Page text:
Asia Times: As a Persian proverb says, “Never two without three.” After receiving two hard and insulting slaps in one
week by the conservative-controlled majlis, or parliament, beleaguered Iranian President Mohammad Khatami suffered
a personal blow when one of his closest allies and oldest friends decided to leave the cabinet. Asia Times
By Safa Haeri
PARIS – As a Persian proverb says, “Never two without three.” After receiving two hard and insulting slaps in one week by the conservative-controlled majlis, or parliament, beleaguered Iranian President Mohammad Khatami suffered a personal blow when one of his closest allies and oldest friends decided to leave the cabinet.
Hojjatoleslam Mohammad Ali Abtahi, the vice president in charge of parliamentary and legal affairs, announced on Monday that he had submitted his resignation from the government and was waiting for the president to accept it.
A jovial middle-rank cleric with an unusual sense of humor and a penchant for sarcasm, Abtahi, who is in his 40s, explained that he had not been able to fulfill his job of coordinating the actions of the government with the new majlis, one that he had sharply criticized when it came into power in May thanks to the mass rejection of reformist candidates by the leader-controlled Council of the Guardians, a 12-member body empowered to vet all candidates for elections in the Islamic Republic.
“For some time I have reached the conclusion that given the differences between my political viewpoints and those of the parliament, I cannot fulfill my responsibilities,” the outspoken Abtahi told the semi-independent students’ news agency ISNA, referring to his previous attempts at leaving the government weeks after the inauguration of the new parliament.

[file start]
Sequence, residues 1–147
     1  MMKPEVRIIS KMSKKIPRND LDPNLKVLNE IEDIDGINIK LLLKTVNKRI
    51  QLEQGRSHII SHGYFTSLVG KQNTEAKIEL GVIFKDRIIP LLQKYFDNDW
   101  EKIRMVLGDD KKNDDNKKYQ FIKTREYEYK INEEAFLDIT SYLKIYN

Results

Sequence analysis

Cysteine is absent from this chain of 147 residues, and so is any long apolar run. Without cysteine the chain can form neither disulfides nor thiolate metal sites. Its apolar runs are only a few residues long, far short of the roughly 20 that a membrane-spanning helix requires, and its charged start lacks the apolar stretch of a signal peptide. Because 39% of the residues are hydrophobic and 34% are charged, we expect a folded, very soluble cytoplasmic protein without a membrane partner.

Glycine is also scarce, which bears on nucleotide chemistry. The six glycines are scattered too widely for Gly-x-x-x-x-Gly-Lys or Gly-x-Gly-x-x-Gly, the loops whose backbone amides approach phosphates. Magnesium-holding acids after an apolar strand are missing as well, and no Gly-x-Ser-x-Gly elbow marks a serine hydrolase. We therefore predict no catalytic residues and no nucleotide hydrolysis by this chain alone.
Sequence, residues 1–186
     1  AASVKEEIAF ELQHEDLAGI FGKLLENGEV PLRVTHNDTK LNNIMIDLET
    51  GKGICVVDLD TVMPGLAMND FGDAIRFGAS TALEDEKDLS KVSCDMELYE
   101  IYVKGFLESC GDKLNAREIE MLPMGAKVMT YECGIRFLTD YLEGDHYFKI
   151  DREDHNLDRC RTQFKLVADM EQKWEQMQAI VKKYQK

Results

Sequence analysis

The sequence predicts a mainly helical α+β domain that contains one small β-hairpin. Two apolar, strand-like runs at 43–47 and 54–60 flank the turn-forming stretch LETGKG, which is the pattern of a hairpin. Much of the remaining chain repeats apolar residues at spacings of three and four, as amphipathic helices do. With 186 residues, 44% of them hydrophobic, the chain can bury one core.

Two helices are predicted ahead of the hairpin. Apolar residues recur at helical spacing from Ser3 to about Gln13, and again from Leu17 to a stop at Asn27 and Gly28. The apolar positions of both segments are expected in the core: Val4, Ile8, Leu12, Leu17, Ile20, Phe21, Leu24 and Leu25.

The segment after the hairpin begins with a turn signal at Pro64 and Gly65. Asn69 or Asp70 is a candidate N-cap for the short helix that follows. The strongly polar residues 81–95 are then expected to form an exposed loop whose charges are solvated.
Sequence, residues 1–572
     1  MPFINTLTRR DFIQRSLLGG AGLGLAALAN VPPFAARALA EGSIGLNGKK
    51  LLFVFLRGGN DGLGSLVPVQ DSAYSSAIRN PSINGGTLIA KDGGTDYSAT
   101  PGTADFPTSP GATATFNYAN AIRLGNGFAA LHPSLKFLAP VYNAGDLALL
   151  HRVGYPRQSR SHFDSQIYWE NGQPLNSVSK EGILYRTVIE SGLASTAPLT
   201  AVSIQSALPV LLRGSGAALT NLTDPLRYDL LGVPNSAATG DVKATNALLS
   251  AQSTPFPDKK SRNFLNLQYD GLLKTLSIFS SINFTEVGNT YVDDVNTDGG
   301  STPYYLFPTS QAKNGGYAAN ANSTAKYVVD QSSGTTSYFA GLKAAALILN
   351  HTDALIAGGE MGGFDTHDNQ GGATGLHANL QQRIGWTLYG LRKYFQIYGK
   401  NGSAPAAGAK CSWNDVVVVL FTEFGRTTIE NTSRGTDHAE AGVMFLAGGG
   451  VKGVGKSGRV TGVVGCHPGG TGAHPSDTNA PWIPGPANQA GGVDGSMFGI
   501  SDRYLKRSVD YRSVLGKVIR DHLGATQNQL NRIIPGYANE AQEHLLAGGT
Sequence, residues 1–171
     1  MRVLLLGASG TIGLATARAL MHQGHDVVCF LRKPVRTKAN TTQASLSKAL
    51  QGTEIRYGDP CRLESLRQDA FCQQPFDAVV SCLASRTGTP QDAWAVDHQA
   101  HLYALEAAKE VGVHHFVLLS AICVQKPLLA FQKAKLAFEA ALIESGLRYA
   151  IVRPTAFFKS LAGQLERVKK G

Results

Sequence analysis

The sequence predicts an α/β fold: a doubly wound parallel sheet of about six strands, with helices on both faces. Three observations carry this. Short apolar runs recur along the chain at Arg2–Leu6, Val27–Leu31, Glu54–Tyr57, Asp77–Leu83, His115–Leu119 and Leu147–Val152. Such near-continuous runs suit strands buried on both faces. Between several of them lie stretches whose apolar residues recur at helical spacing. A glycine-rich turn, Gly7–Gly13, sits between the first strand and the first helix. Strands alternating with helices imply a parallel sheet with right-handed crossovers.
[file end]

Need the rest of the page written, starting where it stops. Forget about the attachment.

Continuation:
A fearless critic of the hardliners with whom he often clashed, Abtahi was the first official to disclose that Canadian-Iranian photographer Zahra Kazemi had been murdered in custody after her arrest in June 2003, triggering a series of head-on confrontations between the leader-controlled judiciary and the executive branch of government.
Abtahi’s decision came a day after the majlis, during its October 3 session, impeached by a large majority Road and Transportation Minister Ahmad Khorram, charging him with mismanagement, corruption, abuse of power, a spate of road and air accidents and favoring foreign firms in handing out government contracts.
The impeachment, considered a hard blow to the embattled president, was seen by most analysts, including Abtahi, as addressed not to the minister but to Khatami himself, and aimed at giving the so-called reformists their last shot.
The ousting of Khorram, the first minister to be impeached by the hardline majlis, took place while Khatami was in Algiers, the first leg of his tour of Algeria, Sudan and Oman, triggering a wave of harsh criticism, including among his own followers, accusing him of “betrayal”.
Critics said that Khatami decided to leave the country to escape the difficult task of personally defending Khorram, also accused by the army of having endangered the nation’s security by awarding a foreign firm, the Austrian-Turkish consortium Tepe Aftken-Vie (TAV), the handling rights of all services at the half-built Imam Khomeini International Airport (IKIA).
Inaugurated officially in May, the US$500 million IKIA had to be closed to air traffic just hours later by the armed forces, which suspected that TAV had contracts in Israel, the existence of which the Iranian ruling ayatollahs do not recognize.
The closure raised many questions, above all who ordered warplanes, one Russian-made MiG-29 and one aging Phantom F-14, to seal the capital’s airspace and escort incoming international flights to other airports, including one in Esfahan, central Iran.